The cycle of stress
When stress spills over into exhaustion and people suffer anxiety, panic and anger – all symptoms of stress overload – this can adversely affect physical and emotional health. When we’re in these states, where our fight or flight responses are calling the shots, then the decisions (or rather unconscious reactions) we make create self-perpetuating cycles, which lead to more stress. These stress cycles can ultimately put us at risk of experiencing feelings of anxiety, depression and burnout. This process is a downward spiral of stress, and recognising when you’re moving in that direction is key to breaking the pattern.
How to break the stress cycle
To break a habit cycle requires us to seek its source. And the cycle begins with a trigger or activating event.
Let’s take the example of your boss giving you extra ‘urgent’ work. This trigger ignites a belief — this is like our short-cut filter — that your boss doesn’t really care about you. Maybe you’ve an important family commitment that’s now been compromised and your boss is known to be an uncaring bully. So this belief that you’ve an uncaring boss kicks in. This belief then colours your emotions and your behaviour. You feel picked on, you feel anger and powerlessness, and you respond by becoming passive aggressive. (This process of beliefs affecting our emotions, feelings and behaviour is at the heart of CBT.)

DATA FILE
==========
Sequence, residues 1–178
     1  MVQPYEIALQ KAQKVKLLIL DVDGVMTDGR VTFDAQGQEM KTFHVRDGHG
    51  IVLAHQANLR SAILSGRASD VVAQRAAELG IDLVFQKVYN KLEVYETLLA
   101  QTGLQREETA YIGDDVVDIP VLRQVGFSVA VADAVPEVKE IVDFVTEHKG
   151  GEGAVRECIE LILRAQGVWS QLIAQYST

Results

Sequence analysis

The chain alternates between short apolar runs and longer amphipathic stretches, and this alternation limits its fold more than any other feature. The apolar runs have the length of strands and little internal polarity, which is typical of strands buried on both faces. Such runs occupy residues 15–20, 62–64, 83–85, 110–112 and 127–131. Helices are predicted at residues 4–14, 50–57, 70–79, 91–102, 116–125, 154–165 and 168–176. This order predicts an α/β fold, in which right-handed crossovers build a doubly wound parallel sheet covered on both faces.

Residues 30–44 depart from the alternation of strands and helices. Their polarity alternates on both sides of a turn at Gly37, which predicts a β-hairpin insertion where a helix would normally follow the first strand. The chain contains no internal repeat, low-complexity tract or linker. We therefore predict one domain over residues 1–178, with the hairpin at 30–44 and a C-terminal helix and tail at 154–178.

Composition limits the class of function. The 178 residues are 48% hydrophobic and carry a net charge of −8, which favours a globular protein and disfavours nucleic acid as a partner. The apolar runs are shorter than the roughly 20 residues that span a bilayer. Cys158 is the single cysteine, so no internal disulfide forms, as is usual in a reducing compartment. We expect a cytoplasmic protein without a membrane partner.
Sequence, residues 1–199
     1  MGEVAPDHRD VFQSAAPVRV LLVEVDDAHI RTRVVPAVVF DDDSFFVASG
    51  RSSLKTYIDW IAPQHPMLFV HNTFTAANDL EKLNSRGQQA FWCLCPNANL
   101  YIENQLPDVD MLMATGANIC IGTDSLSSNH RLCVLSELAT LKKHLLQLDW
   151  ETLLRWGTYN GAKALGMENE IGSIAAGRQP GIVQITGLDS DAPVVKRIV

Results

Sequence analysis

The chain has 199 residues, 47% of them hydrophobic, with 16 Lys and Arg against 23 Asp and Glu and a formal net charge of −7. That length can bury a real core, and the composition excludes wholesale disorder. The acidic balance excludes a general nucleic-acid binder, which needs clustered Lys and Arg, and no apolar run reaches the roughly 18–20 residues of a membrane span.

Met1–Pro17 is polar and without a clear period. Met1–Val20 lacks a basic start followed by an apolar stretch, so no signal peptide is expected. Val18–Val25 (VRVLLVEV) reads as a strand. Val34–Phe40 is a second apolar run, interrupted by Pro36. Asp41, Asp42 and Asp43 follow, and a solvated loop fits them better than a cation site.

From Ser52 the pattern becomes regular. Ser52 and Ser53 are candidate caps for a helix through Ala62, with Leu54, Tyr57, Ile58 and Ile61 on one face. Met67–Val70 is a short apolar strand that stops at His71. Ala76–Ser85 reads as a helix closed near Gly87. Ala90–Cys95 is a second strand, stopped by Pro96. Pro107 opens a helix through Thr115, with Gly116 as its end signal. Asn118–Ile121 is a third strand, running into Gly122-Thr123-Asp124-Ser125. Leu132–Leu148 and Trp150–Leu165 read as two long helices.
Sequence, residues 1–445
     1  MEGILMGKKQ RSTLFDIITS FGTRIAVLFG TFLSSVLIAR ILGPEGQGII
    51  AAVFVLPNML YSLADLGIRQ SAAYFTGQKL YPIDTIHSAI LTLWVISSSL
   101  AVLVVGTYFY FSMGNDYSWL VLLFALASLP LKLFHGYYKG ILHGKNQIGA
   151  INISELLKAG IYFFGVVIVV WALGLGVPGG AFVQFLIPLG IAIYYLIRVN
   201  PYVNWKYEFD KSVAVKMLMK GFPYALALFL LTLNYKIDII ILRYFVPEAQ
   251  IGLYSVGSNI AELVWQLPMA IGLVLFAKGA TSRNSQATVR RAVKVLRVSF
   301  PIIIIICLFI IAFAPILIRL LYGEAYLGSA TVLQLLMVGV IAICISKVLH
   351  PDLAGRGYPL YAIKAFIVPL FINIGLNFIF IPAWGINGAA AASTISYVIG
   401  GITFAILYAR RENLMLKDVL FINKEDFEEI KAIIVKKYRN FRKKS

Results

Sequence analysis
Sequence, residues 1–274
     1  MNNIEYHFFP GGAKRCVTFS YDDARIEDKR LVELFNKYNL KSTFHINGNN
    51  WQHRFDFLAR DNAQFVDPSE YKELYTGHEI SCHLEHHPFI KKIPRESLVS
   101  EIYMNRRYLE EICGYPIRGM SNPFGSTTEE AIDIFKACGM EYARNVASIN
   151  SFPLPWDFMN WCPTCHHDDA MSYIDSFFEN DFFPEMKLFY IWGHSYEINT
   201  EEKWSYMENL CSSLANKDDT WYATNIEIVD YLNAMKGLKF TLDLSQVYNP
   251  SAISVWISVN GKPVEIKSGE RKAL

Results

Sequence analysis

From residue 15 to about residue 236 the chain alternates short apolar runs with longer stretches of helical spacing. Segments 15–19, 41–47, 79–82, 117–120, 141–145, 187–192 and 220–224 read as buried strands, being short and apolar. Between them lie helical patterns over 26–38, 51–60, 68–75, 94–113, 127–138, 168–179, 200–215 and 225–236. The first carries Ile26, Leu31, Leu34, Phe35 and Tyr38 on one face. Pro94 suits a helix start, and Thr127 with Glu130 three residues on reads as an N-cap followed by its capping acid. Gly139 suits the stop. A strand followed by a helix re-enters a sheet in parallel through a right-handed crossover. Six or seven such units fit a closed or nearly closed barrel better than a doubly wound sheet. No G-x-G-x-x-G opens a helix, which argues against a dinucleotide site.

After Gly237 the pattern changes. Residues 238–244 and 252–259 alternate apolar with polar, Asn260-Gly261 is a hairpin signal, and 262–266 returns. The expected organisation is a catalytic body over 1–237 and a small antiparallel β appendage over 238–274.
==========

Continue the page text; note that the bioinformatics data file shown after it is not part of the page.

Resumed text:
We think our behaviour is a direct result of the trigger — it isn’t. Different people react in very different ways to the same trigger. To break the cycle we have to realise that our behaviour is a result of our beliefs and mindset not just the trigger. It’s really important that we recognise that it is our mindset that determines how we react / or how stressed we feel — because then we can have control over the situation we can start to manage our stress levels more proactively.
Think of a recent stressful event. How did the stress cycle play out…
- What was the trigger?
- What was your belief that made you feel stressed?
- What did you feel?
- How did you react?
Once you’re aware of your knee-jerk reactions then you change the pattern by thinking differently. And you can ask yourself:
What new belief would change the way you react (to that trigger) in future?
Self regulation, self care & stress management
To break the cycle we need to realise that our behaviour is a result of our beliefs and mindset not just the trigger. It’s our mindset that determines how we react or how stressed we feel. Then we can start to manage our stress levels more proactively. This is not just about positive thinking or reframing – it’s about about being responsible for your own well being – caring for yourself – and not relying on others to second guess what you need or look after you.
And new research is showing that a key part of self care is having a good level of self esteem. People will healthy levels of self esteem have higher levels of emotional intelligence and are better at self care – they take time to become aware of their emotional states and how these are affecting them, they accept their emotions (rather than avoiding them or labelling then), and they are kind to themselves.
My stress management course looks at the stress cycle, how we react to stress, and why self care is crucial to dealing with stress.
Sonia Gavira, course tutor for Unchainyourbrain.org’s How to de-stress yourself & your team: Stress Management and Resilience online course